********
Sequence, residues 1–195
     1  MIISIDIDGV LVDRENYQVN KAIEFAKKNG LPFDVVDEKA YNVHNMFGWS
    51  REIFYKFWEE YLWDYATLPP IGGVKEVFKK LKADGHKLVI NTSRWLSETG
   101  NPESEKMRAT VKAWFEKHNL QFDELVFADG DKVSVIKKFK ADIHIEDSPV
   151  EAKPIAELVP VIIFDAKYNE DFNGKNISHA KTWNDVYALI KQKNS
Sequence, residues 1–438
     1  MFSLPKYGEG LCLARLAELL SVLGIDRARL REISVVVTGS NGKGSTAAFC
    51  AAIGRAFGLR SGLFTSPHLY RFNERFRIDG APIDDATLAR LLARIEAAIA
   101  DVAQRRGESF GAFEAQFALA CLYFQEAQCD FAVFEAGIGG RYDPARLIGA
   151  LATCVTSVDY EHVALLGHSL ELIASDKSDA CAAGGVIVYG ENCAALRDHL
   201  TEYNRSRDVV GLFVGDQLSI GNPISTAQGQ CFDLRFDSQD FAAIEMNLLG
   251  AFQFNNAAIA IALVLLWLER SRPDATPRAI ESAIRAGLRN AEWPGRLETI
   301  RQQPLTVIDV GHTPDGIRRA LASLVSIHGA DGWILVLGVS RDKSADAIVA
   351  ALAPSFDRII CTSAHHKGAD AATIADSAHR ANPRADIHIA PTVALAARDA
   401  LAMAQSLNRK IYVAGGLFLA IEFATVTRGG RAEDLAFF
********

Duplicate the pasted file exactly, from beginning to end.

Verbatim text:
Sequence, residues 1–195
     1  MIISIDIDGV LVDRENYQVN KAIEFAKKNG LPFDVVDEKA YNVHNMFGWS
    51  REIFYKFWEE YLWDYATLPP IGGVKEVFKK LKADGHKLVI NTSRWLSETG
   101  NPESEKMRAT VKAWFEKHNL QFDELVFADG DKVSVIKKFK ADIHIEDSPV
   151  EAKPIAELVP VIIFDAKYNE DFNGKNISHA KTWNDVYALI KQKNS
Sequence, residues 1–438
     1  MFSLPKYGEG LCLARLAELL SVLGIDRARL REISVVVTGS NGKGSTAAFC
    51  AAIGRAFGLR SGLFTSPHLY RFNERFRIDG APIDDATLAR LLARIEAAIA
   101  DVAQRRGESF GAFEAQFALA CLYFQEAQCD FAVFEAGIGG RYDPARLIGA
   151  LATCVTSVDY EHVALLGHSL ELIASDKSDA CAAGGVIVYG ENCAALRDHL
   201  TEYNRSRDVV GLFVGDQLSI GNPISTAQGQ CFDLRFDSQD FAAIEMNLLG
   251  AFQFNNAAIA IALVLLWLER SRPDATPRAI ESAIRAGLRN AEWPGRLETI
   301  RQQPLTVIDV GHTPDGIRRA LASLVSIHGA DGWILVLGVS RDKSADAIVA
   351  ALAPSFDRII CTSAHHKGAD AATIADSAHR ANPRADIHIA PTVALAARDA
   401  LAMAQSLNRK IYVAGGLFLA IEFATVTRGG RAEDLAFF